John H Palmieri <John.H.Palmieri.2(a)nd.edu> writes:
> > Output of `describe-key' is not intended to be read back to the
> > reader
> I'm not sure what you mean by this.
I mean that the output of `C-h k' is not guaranteed to be correct so
you can type `C-x C-e' on the printed form to evaluated. It's just
supposed to tell you the name of the function.
> Since `C-h k' is one of the basic help commands available, its
> output should be as clear and unambiguous as possible.
I guess `princ' could be changed to `prin1' without too many problems,
but binding keys to anonymous functions and then complaining about
`C-h k' output is ridiculous.
> make `A undefined. This seems like better behavior to me: the
> default is still to have "A" act like "a" (so SHFT-SPC acts like
> SPC), but it's not hard to unbind "A" if one wants to. (Plus, one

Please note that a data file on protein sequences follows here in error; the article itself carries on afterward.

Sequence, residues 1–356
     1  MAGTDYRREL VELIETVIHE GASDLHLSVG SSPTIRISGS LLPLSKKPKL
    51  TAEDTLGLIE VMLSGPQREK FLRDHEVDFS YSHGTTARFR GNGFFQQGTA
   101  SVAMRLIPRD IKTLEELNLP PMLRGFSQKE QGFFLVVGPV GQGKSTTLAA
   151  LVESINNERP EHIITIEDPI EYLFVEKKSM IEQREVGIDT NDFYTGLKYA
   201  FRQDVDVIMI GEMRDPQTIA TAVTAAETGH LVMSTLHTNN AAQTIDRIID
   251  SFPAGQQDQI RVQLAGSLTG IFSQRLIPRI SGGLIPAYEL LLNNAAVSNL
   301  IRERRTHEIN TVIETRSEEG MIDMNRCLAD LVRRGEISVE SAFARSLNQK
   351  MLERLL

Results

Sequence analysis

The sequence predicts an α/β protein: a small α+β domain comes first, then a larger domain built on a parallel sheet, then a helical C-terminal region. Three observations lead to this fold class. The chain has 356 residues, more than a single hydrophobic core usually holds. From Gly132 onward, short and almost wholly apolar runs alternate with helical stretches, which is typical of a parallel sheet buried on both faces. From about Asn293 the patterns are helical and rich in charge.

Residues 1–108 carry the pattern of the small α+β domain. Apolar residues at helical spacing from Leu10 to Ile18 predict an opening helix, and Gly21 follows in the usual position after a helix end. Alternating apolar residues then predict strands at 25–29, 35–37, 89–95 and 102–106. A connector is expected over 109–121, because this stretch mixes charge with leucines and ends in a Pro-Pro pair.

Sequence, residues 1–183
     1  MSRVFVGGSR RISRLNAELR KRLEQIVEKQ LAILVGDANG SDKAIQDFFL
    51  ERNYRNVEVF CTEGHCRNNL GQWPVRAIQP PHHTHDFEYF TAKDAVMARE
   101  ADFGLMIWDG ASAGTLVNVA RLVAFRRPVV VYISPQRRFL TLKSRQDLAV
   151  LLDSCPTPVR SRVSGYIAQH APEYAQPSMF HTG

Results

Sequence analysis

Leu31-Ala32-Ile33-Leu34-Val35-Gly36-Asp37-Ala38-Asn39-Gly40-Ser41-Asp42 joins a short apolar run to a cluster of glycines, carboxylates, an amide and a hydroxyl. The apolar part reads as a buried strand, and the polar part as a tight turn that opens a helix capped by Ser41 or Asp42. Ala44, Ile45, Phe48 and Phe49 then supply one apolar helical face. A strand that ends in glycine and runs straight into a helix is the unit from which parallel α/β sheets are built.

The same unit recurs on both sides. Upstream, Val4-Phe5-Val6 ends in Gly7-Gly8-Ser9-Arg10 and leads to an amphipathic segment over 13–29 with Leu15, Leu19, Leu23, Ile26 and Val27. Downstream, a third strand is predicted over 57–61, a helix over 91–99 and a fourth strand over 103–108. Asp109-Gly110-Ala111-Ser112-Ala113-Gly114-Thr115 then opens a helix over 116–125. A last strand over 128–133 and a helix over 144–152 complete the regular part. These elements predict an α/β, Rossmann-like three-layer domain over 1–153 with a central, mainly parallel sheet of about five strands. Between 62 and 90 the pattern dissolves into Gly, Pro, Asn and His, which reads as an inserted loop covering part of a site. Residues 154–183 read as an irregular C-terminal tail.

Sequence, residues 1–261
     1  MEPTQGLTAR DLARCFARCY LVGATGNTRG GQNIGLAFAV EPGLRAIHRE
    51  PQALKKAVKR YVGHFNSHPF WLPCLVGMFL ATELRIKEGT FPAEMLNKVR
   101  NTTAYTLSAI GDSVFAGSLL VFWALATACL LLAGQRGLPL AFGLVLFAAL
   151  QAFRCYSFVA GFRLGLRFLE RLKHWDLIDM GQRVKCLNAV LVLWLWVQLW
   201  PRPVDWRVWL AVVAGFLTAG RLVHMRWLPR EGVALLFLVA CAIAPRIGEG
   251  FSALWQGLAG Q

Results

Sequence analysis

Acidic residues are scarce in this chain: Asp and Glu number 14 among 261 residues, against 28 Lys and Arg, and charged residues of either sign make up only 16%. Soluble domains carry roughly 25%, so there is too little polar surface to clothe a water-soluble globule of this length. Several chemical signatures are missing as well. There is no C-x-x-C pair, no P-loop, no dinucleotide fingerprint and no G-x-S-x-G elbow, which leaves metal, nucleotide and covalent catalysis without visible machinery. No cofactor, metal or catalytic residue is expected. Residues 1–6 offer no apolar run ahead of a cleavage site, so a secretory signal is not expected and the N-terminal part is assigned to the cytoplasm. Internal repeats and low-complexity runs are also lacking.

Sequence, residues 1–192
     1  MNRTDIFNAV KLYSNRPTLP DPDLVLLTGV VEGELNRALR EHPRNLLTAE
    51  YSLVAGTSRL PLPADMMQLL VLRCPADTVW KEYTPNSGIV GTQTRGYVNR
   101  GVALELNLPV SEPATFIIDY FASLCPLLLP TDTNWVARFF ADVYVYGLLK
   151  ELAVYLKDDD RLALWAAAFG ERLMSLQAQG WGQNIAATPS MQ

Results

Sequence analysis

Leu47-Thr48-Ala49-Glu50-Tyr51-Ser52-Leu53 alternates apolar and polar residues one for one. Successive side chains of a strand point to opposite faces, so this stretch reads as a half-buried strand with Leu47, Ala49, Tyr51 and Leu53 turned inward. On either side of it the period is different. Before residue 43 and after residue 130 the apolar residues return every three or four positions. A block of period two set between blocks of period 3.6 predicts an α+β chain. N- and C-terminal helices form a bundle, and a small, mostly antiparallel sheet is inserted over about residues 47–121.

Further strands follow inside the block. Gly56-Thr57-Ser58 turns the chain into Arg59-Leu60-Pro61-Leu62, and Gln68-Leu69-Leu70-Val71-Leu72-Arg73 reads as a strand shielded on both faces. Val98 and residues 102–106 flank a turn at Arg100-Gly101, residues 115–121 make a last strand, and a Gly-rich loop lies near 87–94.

> might actually be led to try this by reading the documentation.)
The name of the variable `retry-undefined-key-binding-unshifted'
suggests that undefined keys should be retried unshifted. Obviously,
the code in keymap.c considers a key being bound to `undefined' as
"undefined", which looks correct to me.
Whether the resulting behaviour in your case is correct is another
question. I think it is.
> Jan Vroonhof <vroonhof(a)math.ethz.ch> writes:
> > This seems to be intentional. There is 28 lines of C to just this. See also
> > `retry-undefined-key-binding-unshifted' (watch the Doc string though).
> > I am not sure why this is done though...
> Is this variable documented anywhere (in an info file, that is: I
> know how to type C-h v)?
No; probably by omission. It will be documented sooner or later.
> How should I have found out about it, besides asking people familiar
> with the source code?
By looking at the source code yourself? :-)
> If a key-sequence which ends with a shifted keystroke is undefined
> and this variable is non-nil then the command lookup is retried again
> with the last key unshifted. (e.g. C-X C-F would be retried as C-X C-f.)
> If lookup still fails, a normal error is signalled. In general,
> you should *bind* this, not set it.
> Does "bind" in the last sentence mean that I should use `let'?
Yes. I have no idea what how the author envisioned this binding,